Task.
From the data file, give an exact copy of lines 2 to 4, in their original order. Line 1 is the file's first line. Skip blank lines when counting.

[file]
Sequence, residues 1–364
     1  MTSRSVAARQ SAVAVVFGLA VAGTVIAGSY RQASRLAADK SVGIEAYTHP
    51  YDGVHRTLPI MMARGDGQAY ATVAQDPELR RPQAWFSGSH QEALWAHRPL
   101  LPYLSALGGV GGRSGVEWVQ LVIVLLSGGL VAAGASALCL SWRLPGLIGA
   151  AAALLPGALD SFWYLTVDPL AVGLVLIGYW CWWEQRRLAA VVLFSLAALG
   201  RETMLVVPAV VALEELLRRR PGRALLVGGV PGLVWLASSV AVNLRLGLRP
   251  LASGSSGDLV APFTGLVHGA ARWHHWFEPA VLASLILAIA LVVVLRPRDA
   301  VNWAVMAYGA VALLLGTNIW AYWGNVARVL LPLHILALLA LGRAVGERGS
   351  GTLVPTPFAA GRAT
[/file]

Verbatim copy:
     1  MTSRSVAARQ SAVAVVFGLA VAGTVIAGSY RQASRLAADK SVGIEAYTHP
    51  YDGVHRTLPI MMARGDGQAY ATVAQDPELR RPQAWFSGSH QEALWAHRPL
   101  LPYLSALGGV GGRSGVEWVQ LVIVLLSGGL VAAGASALCL SWRLPGLIGA